microcomputer administration,

office administration, a provider

of software support,

as

or,

an

applications specialist.

The two-year, six-semester program includes a four-week work placement

at the end of the term, which provides the practical expe-

rience

complement

to

the

program.

formerly

1983,

the

administrations

McLaren program

the best experience.

them reach

office

program,

taught in the secretarial at the college.

the

potential

they

didn’t think they could achieve.”

In

Conestoga sent United Arab Emirates where she developed 1988,

McLaren

to

the

curriculum for a secretarial pro-

gram to be used in their colleges. “I was the only female on the .

team,” she said.

McLaren School

Before developing the microcomputer administration program in

working with the students

said

also received the first

of

Business Faculty Award, an award given by the faculty to the faculty.

She is also nominated for the Aubrey Hagar Award. The winner will be

announced

at the

end of

Sheila McLaren, co-ordinator and founder of the microcomputer administration proaram the end of this semester.

will

be

retiring at

April.

(Photo by Carly Benjamin)

Local newspaper

makes blunder

with e-mail surtax ‘April-fool’ hoax By Wayne

Collins

implement a new e-mail

sur-

charge.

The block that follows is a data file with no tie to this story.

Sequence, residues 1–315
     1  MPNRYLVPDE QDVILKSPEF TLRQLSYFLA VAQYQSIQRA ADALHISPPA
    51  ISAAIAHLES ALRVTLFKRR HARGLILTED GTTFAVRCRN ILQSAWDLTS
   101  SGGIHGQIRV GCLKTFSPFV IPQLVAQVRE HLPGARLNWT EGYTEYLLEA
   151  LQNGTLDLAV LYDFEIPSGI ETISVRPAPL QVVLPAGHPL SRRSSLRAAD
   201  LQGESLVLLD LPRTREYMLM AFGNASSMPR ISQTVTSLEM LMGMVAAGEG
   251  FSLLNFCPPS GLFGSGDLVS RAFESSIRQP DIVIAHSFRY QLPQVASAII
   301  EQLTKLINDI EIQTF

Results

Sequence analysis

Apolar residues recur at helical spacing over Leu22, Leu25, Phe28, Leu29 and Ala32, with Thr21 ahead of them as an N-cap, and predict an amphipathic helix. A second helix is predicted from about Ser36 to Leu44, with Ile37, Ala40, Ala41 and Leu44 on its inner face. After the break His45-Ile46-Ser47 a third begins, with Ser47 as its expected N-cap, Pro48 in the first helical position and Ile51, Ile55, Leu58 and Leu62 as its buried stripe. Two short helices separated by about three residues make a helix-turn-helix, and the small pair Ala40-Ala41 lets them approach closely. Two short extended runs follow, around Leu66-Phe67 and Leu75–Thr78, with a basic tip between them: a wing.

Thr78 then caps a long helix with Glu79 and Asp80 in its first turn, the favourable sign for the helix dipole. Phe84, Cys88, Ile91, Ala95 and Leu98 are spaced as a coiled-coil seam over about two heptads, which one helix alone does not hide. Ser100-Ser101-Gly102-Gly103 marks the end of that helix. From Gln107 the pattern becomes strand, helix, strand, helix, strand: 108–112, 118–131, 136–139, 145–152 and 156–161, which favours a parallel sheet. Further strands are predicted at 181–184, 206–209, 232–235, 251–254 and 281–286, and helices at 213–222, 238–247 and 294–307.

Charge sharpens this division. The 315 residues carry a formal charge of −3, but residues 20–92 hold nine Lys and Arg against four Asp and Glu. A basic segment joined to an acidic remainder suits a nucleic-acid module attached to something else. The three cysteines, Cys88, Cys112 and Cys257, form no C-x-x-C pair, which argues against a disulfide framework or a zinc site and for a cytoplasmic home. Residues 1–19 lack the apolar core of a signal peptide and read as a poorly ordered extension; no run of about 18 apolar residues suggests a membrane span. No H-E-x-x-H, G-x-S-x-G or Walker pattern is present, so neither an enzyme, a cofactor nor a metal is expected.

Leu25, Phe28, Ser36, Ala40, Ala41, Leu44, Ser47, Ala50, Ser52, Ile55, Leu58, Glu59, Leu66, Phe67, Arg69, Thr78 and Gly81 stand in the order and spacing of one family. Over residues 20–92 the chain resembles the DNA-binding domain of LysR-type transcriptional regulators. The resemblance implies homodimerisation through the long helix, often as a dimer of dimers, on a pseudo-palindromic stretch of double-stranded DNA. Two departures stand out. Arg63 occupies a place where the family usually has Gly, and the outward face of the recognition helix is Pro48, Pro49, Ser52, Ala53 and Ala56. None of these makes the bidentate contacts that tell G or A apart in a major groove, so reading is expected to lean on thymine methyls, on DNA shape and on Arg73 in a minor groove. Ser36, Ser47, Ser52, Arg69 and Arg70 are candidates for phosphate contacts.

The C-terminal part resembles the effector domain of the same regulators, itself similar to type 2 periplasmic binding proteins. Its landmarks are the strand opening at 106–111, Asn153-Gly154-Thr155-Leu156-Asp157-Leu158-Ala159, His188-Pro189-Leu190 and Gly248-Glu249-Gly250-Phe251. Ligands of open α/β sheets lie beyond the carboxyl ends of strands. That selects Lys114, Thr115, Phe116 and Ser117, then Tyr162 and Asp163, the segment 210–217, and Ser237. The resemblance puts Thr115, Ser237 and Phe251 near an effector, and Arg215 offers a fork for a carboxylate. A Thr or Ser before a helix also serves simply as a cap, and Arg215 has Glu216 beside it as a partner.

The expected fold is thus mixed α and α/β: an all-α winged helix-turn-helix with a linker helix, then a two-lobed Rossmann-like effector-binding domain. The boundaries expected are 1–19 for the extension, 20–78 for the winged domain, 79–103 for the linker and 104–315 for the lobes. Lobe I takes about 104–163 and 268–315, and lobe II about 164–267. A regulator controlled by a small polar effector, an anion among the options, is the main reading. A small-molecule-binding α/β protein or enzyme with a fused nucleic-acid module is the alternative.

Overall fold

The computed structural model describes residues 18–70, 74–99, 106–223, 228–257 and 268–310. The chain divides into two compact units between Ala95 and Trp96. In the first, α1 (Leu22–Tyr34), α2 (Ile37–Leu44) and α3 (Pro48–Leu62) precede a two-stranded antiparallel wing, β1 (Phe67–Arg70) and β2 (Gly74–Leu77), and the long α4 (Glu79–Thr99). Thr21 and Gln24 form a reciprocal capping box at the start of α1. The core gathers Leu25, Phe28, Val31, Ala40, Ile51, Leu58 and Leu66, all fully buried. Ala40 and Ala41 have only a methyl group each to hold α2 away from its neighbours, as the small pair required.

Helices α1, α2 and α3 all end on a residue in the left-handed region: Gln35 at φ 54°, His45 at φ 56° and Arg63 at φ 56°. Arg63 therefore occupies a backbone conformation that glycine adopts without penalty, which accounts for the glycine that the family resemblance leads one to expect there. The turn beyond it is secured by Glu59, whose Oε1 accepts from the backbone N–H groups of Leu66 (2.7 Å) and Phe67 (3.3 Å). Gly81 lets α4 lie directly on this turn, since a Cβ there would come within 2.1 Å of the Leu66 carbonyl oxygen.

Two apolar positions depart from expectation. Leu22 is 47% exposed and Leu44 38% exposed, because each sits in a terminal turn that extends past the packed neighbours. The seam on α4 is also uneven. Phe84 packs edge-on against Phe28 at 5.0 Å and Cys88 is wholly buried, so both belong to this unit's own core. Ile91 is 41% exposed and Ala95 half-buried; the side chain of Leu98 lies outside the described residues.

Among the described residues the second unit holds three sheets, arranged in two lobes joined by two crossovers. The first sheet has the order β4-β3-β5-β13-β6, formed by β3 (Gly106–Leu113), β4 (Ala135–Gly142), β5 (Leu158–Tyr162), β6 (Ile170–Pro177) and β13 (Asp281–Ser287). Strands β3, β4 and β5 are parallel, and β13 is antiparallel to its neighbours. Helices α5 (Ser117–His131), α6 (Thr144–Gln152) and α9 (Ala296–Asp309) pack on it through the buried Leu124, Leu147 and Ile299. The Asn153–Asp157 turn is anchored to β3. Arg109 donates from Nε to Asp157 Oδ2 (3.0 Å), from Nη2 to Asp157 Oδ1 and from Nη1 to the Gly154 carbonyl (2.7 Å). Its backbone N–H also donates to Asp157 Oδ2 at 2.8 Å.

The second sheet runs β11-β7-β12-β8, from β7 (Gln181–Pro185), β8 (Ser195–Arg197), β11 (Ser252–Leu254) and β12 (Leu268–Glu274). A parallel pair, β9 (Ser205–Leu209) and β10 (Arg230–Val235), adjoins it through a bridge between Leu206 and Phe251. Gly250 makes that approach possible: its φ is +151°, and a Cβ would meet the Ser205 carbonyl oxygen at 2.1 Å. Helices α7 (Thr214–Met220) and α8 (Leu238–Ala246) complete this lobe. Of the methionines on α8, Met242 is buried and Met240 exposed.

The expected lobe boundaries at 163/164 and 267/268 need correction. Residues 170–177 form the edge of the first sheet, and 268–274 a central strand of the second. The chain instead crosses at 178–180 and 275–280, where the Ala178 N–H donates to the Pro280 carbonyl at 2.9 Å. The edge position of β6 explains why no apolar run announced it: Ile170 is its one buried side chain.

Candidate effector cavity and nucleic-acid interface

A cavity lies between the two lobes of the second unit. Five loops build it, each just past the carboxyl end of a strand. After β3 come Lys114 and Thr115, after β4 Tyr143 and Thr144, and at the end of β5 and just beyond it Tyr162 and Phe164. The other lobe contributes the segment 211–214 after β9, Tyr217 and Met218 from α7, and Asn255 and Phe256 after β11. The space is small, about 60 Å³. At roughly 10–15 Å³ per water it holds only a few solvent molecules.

April

April

19 Fool’s

newspaper, the

federal

Canada

Post

proved to be day for a local which criticized government and for

a

plan

to

While some Ontario newspapers saw through the Internet’s April 19 hoax, the Cambridge Reporter

The hoax reported proposed

that,

under

legislation,

Canada Post

would be attempting

to bill e-mail

users for “alternate postage fees.”

The

phony

message 602P, which

e-mail

published an editorial condemning

referred to a fake Bill

the surcharge.

would permit the federal government to pin a five-cent surcharge on e-mail users, by billing Internet service providers. They, in turn,

would

bill their

The message

customers.

also stated that “the

Canada Post nearly $23,000,000 annually in lost revenue.”

RETURNING STUDENTS

Internet users would, therefore,

pay a yearly average of $ 1 80 bill were passed.

The Toronto Star’s was also

98/99

the

editorial

department

AV TUTORS FOR THE NEXT ACADEMIC YEAR

if

misrep-

Richard Stepp, a Toronto lawyer fighting

to

at

216 Bay

stop

the

St.,

was

proposed

The

Supported by Poon ftudart Aiaodafan

editor.

April 23, the Reporter ran a

hoax fooled us.” While the hoax tested the local journalism community, some students at Conestoga College said

they

didn’t

exist

admitted Stepp

anymore than

their

surcharge editorial.

The Cambridge

Reporter,

how-

Two

second-year construction

knew

little

about

it

vaguely recalled hearing of the

In the April 23 story the Reporter quoted e-mail from a Rev. R.G.

Skelding, that chided the paper for swallowing the

“Had you bothered said Skelding,

found

Michael Debssou, a first-year electronics technology student, said he didn’t see the e-mail hoax

602P.”

considered little bit

the

Reporter’s

unprofessional.”

Second-year computer program-

Hammoud,

Carmen

said the story should first,

before

it

was reported.

He

to

check,”

“you would have

that there is

no such

bill as

said that bills brought to the

House of Commons have prefix “C” and senate bills

the are